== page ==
But this frank discussion should not be restricted to the opinion pages. The fact is, Democrats are following the established rules, as National Memo's Joe Conason helpfully pointed out. "House Minority Leader Kevin McCarthy (R-CA), today insists the impeachment inquiry shouldn’t proceed unless the Republicans are permitted to issue subpoenas — but the rule that awards subpoena power exclusively to the majority is precisely what he and his cronies approved four years ago," Conason wrote.

That rather central point was completely omitted by The New York Times in a recent news article headlined, "Republicans Fight Trump’s Impeachment by Attacking the Process." The story presented a partial, Both Sides picture (i.e. Republicans are attacking the process, and Democrats say it's fair). But that leaves out a lot. For instance, during the impeachment inquiries of Richard Nixon and Bill Clinton, the minority power did not enjoy unilateral subpoena power, and fact-finding interviews were often held behind closed doors. (The public hearings came later.)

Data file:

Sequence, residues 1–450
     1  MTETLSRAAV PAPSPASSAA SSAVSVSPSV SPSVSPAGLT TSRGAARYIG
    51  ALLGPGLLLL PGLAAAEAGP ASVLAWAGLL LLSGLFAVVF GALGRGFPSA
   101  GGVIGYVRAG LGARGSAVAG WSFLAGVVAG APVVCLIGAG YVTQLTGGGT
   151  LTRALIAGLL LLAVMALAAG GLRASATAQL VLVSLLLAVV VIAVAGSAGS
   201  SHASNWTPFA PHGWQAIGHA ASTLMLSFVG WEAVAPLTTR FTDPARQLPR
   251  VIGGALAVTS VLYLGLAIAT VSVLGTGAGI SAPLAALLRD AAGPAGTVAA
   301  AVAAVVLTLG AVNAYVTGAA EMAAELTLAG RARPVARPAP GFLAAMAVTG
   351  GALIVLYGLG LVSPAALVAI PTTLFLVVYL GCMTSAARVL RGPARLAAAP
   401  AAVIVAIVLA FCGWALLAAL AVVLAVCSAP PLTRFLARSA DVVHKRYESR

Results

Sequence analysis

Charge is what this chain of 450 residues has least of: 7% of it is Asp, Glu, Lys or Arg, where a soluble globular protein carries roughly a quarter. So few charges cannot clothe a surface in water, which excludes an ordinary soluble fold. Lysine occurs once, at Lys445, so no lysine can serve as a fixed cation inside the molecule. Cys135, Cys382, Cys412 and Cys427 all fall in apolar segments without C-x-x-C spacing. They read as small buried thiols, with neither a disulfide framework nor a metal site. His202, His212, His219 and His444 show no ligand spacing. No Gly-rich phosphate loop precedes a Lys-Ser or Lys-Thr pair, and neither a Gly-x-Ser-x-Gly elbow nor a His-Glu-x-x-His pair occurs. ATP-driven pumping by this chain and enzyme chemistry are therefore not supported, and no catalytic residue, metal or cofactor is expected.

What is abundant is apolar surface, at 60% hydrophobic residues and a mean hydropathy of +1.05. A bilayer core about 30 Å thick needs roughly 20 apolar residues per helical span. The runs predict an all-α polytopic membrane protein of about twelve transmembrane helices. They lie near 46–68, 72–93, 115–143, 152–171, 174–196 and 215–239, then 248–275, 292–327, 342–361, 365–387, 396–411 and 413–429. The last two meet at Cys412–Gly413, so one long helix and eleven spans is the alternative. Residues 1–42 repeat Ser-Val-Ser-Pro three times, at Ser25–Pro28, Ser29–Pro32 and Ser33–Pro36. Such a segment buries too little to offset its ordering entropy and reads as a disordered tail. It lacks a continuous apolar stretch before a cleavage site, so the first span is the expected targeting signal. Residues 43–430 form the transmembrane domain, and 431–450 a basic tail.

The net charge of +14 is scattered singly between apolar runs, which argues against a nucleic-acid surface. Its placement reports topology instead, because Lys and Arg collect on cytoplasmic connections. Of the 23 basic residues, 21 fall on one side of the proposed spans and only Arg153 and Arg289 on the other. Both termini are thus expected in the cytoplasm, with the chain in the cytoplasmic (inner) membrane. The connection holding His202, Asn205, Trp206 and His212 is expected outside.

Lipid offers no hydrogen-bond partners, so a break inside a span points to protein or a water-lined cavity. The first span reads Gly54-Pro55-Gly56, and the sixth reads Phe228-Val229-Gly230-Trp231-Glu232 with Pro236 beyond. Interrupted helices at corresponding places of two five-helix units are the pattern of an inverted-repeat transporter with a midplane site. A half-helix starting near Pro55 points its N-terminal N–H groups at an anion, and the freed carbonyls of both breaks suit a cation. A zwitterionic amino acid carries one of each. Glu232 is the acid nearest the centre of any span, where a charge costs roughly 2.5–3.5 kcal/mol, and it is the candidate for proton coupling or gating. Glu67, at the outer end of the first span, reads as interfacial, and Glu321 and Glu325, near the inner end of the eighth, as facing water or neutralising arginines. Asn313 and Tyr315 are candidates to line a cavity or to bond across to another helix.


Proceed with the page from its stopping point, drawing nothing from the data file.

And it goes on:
What the Times article did contain though, were many, many quotes from angry Republicans denouncing the "process." And again, that is what has been shortsighted about the coverage: reporters scrambling to collect outraged Republican quotes without including proper context that the GOP beefs are utterly unwarranted.